rsync over stdin/stdout
Tony.Mantler at palm.com
Mon Jun 2 21:59:02 GMT 2008
On Mon, 2008-06-02 at 14:49 -0700, Matt McCutchen wrote:
> On Mon, 2008-06-02 at 14:29 -0700, Tony Mantler wrote:
> > On Mon, 2008-06-02 at 13:45 -0700, Matt McCutchen wrote:
> > > On Mon, 2008-06-02 at 11:27 -0700, Tony Mantler wrote:
> > > > Basically I need to set up the socket beforehand and then hand it to
> > > > rsync somehow. This seems to be possible on the 'remote' end, but I
> > > > haven't managed to figure out how to do on the initiation side.
> > >
> > > First, you should use an rsync daemon if you aren't already; with the
> > > remote shell mode, you have to get the server arguments across the
> > > socket yourself, whereas the daemon protocol takes care of that.
> > The program I have handles that fairly well, actually. It's not too far
> > removed from complete rsh functionality.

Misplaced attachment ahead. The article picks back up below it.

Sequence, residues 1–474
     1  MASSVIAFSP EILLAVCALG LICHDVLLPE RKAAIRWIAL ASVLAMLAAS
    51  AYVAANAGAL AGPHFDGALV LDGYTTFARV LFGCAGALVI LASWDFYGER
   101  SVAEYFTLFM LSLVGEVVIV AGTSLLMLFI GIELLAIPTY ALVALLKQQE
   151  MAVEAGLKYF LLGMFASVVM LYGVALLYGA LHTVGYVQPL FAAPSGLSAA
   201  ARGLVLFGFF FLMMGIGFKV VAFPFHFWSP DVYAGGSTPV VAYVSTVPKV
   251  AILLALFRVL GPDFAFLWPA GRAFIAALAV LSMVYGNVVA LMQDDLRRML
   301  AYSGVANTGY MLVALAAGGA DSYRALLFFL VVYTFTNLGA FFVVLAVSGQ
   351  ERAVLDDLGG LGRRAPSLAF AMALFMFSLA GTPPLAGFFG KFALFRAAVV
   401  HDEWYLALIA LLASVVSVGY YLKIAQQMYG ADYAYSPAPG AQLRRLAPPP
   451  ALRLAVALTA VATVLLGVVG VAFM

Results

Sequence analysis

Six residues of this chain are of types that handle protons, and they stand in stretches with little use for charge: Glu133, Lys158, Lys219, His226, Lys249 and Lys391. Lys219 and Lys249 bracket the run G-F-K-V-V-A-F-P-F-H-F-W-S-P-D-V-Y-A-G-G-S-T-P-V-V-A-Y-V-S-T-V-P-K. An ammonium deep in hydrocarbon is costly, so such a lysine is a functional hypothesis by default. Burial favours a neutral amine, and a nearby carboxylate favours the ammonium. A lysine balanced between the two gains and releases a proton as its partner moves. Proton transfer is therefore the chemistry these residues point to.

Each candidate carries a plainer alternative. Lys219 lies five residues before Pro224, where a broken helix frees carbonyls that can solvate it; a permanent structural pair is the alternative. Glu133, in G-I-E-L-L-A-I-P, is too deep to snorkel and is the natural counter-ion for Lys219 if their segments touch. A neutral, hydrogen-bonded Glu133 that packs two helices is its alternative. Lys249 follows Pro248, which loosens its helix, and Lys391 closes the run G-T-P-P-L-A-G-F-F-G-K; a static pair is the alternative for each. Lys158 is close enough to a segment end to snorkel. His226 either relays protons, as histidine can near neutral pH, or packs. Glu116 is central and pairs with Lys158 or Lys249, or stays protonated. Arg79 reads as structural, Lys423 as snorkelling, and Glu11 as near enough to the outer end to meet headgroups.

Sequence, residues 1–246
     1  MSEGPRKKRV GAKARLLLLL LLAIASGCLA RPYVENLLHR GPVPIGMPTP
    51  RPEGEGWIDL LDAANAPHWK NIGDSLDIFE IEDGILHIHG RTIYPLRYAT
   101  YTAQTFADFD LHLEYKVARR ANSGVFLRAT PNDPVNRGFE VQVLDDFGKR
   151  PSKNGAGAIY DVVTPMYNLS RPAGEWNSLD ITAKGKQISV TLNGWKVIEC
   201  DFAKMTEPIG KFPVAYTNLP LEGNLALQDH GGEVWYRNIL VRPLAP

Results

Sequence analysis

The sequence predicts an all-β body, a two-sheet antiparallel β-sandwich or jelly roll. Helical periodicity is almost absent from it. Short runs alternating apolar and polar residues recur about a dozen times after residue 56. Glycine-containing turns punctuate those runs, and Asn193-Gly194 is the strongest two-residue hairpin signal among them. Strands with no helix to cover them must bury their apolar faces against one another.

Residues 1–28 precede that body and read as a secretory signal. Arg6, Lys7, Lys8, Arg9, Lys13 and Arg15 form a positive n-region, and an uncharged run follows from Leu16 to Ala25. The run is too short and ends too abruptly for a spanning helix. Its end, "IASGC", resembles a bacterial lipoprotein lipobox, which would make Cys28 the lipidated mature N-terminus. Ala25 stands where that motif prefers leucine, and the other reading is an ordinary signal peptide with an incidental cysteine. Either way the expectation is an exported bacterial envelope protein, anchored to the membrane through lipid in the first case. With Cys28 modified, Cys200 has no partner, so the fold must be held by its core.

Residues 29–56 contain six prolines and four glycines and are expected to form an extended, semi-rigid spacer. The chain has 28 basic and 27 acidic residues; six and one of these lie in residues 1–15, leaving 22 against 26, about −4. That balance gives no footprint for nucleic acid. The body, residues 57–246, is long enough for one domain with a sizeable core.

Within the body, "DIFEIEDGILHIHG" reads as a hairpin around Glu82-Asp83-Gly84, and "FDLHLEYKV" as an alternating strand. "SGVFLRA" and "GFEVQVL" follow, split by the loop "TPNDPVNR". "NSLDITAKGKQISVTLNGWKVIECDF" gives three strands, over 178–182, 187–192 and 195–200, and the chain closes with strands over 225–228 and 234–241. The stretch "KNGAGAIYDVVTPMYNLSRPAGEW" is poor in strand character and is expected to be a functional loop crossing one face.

> I don't understand. If your connection program is like rsh, it passes
> arguments and then gives you a socket to talk to the invoked program.
> But the server arguments are not determined until you start the rsync
> client, after the socket has been set up. So how could the server
> arguments be passed by the connection program? Or do you just mean that
> the connection program passes "rsync --server --daemon ." without you
> having to hardcode that on the remote side, in which case we're really
> talking about the same thing?
Well, when operating in the 'rsh'-like mode, rsync passes a bunch of
arguments to my program which my program hands across to the other side
to invoke the remote-side rsh.
What I need to do is turn this whole thing inside out, so that my
program launches rsync rather than rsync launching my program. The
reason for this is that my program needs to operate as a plugin as well
> > > In the absence of this enhancement, you can accomplish the same thing
> > > using the RSYNC_CONNECT_PROG environment variable [...]
> > > RSYNC_CONNECT_PROG='cat >&3 & cat <&3; wait' rsync -a foo::module/src/ dest/
> > That probably won't work very well in my case.
> Why not? It does exactly the same thing as the enhancement would, but
> with slightly higher overhead to pass the data back and forth.
Well, it won't work on windows for one thing, and that's apparently one
of my target platforms. (not by choice, I assure you)
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